BERMAN: Hoover--hover, Hoover.

SHORTZ: Yes. And your last one. Equipment on "Jeopardy" and a habitual drunk.

BERMAN: (Laughs) Equipment on "Jeopardy."

HANSEN: Yeah.

SHORTZ: Yeah, what does the contestant hold on "Jeopardy"?

BERMAN: A button.

SHORTZ: Well...

HANSEN: Close.

SHORTZ: ...and--close. You've got the right first letter. And it makes a sound when the contestant...

BERMAN: Buzzard.

HANSEN: That's it. Buzzer.

BERMAN: Buzzer. Boozer.

HANSEN: Yeah.

SHORTZ: Buzzer and boozer is it.

HANSEN: Having fun yet, Mitch?

BERMAN: I am.

HANSEN: Oh. You did well.

BERMAN: Thank you.

HANSEN: You did really well. For playing our puzzle today, you'll get a WEEKEND EDITION lapel pin; the 11th edition of Merriam-Webster's Collegiate Dictionary and Thesaurus; the Scrabble Deluxe Edition from Parker Bros.; "The Puzzle Master Presents" from Random House, volume two; and a set of Sudoku puzzle books presented by Will Shortz from St. Martin's Press. Mitch, what's your public radio station?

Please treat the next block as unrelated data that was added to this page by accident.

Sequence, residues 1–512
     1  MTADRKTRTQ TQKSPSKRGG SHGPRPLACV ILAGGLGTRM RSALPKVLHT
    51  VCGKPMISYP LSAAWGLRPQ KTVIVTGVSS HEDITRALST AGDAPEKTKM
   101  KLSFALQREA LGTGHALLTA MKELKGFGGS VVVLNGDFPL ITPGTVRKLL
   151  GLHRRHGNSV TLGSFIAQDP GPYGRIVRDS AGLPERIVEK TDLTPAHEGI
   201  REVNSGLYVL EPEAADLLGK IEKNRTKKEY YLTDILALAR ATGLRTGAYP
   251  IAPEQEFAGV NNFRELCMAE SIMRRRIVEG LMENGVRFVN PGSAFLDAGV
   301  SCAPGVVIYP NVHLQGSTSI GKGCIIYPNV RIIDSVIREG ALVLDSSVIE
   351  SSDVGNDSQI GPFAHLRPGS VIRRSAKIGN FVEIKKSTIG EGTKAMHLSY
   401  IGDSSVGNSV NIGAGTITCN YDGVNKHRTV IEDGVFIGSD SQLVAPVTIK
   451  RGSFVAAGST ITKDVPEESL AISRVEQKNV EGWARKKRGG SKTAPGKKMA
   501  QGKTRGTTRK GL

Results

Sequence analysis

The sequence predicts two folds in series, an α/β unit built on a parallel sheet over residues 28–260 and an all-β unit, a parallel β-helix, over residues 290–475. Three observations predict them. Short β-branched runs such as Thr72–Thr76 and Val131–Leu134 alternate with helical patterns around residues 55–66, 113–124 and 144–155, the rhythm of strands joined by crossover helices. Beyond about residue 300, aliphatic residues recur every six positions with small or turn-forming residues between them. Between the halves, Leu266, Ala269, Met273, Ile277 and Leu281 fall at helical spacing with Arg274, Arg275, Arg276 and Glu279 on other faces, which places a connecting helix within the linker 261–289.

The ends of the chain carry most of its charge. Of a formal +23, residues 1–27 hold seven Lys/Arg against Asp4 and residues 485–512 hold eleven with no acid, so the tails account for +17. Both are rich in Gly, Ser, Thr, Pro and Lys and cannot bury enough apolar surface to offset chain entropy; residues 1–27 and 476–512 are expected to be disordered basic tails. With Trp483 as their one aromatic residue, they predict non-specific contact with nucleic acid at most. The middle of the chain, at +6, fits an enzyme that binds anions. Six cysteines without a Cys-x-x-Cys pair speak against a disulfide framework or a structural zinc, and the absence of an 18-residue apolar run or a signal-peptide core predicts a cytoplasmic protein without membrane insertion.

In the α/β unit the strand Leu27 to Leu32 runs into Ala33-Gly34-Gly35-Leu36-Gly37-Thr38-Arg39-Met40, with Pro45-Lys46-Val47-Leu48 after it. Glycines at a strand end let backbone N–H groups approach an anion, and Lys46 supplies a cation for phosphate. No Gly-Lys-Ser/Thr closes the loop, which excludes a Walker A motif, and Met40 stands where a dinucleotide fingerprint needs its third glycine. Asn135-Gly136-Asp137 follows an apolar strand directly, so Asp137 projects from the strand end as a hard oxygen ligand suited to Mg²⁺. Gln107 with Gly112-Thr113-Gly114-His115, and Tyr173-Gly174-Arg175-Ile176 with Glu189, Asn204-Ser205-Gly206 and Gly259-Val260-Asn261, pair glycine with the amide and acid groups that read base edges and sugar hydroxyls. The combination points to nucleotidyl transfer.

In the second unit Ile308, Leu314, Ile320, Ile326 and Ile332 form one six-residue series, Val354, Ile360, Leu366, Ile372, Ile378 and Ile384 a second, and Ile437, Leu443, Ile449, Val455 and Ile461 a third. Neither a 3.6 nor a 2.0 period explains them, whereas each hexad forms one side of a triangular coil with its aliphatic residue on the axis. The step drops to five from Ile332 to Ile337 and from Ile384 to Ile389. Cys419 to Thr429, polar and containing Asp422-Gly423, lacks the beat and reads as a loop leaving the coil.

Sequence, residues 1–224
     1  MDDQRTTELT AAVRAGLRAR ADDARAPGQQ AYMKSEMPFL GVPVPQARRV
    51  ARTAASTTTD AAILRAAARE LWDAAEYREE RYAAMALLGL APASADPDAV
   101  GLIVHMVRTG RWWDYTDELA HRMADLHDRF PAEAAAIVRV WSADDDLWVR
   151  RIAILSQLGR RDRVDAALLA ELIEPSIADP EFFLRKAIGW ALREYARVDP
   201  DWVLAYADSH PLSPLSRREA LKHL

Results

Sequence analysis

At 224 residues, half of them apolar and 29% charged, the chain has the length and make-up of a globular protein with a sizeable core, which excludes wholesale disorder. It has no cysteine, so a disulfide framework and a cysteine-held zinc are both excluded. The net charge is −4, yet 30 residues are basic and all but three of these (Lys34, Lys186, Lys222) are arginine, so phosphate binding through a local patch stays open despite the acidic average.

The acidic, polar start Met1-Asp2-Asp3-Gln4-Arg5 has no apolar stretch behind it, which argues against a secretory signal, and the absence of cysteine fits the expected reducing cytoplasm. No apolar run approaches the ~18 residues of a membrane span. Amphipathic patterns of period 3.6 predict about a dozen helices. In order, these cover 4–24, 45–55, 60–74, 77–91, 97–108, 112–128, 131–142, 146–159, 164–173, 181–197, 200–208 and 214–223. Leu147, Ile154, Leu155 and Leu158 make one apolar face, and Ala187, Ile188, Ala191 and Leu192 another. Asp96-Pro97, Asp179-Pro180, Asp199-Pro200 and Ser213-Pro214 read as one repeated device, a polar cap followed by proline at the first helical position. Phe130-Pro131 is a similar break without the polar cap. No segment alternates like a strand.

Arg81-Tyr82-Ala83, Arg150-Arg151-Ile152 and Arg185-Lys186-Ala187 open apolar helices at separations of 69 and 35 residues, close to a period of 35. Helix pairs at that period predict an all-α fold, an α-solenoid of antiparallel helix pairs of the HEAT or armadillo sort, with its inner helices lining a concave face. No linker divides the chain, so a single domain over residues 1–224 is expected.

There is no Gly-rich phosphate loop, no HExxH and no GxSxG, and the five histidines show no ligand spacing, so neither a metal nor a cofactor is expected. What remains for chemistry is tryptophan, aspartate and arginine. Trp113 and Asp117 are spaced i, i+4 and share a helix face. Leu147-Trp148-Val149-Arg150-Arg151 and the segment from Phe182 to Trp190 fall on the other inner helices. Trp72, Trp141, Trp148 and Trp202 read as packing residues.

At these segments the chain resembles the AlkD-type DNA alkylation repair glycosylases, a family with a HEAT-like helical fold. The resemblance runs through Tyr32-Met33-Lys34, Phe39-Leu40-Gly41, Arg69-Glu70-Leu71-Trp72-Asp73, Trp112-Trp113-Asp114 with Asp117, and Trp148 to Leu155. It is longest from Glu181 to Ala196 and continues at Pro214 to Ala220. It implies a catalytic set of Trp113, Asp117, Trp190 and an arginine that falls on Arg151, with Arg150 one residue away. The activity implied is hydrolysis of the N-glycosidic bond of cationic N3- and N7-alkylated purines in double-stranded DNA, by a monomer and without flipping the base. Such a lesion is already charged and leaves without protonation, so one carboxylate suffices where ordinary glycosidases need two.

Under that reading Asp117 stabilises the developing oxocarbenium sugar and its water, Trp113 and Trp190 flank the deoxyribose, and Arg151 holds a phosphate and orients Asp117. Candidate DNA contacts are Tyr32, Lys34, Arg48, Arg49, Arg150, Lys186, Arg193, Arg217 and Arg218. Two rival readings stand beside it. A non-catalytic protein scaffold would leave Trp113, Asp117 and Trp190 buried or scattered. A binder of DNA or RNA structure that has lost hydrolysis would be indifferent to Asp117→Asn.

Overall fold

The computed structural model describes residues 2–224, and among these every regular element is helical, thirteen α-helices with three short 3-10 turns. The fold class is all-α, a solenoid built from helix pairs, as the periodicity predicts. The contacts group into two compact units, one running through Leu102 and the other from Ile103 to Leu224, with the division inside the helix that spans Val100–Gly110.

BERMAN: Well, we're blessed to have two public radio stations, KMUW on Wichita State University, and KHCC, Radio Kansas at Hutchinson Community College.

HANSEN: Well, excellent. That's a great plug for both of them. Mitch Berman from Wichita, Kansas, thanks a lot for playing the puzzle with us, and good luck with your season at the Wichita Symphony Orchestra.

BERMAN: Thank you both.

HANSEN: All right. Will, a challenge for the next week, please.

SHORTZ: Well, name an American Indian tribe. Somewhere inside this name phonetically is a kind of tree. Remove this tree, close up the remaining letters and the remainder phonetically will name another kind of tree. What Indian tribe is this and what are the trees? So again, an Indian tribe. Somewhere inside the name phonetically is a kind of tree. Remove the tree, close up the remaining letters and what remains phonetically will name another kind of tree. What Indian tribe is it and what are the trees?

HANSEN: When you have the answer, remember there's a new way to send in your entry, because we no longer accept e-mail entries. But the way to submit your entry is to go to our Web site, npr.org, and click on the `submit your answer' link on the Sunday Puzzle page. Only one entry per person, please. Our deadline this week is Thursday 3 PM Eastern time. Please include a phone number where we can reach you at about that time, and we'll call you if you're the winner and you'll get to play puzzle on the air with the puzzle editor of The New York Times and WEEKEND EDITION's puzzlemaster, Will Shortz.

Will, thanks a lot.

SHORTZ: Thanks, Liane.